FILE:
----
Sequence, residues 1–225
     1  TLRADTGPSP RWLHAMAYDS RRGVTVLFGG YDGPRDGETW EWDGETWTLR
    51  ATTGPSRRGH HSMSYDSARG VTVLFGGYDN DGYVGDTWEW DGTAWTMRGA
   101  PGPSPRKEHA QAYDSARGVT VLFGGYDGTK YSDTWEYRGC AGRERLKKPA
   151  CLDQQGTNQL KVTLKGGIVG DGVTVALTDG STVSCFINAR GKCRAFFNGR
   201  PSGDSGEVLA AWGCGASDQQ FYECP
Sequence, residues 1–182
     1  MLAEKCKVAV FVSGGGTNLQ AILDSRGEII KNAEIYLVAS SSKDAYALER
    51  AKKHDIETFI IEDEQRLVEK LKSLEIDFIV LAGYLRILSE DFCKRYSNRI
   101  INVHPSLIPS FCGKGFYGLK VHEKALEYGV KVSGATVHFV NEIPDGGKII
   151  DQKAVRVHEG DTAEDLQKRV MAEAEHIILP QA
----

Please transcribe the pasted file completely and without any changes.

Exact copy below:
Sequence, residues 1–225
     1  TLRADTGPSP RWLHAMAYDS RRGVTVLFGG YDGPRDGETW EWDGETWTLR
    51  ATTGPSRRGH HSMSYDSARG VTVLFGGYDN DGYVGDTWEW DGTAWTMRGA
   101  PGPSPRKEHA QAYDSARGVT VLFGGYDGTK YSDTWEYRGC AGRERLKKPA
   151  CLDQQGTNQL KVTLKGGIVG DGVTVALTDG STVSCFINAR GKCRAFFNGR
   201  PSGDSGEVLA AWGCGASDQQ FYECP
Sequence, residues 1–182
     1  MLAEKCKVAV FVSGGGTNLQ AILDSRGEII KNAEIYLVAS SSKDAYALER
    51  AKKHDIETFI IEDEQRLVEK LKSLEIDFIV LAGYLRILSE DFCKRYSNRI
   101  INVHPSLIPS FCGKGFYGLK VHEKALEYGV KVSGATVHFV NEIPDGGKII
   151  DQKAVRVHEG DTAEDLQKRV MAEAEHIILP QA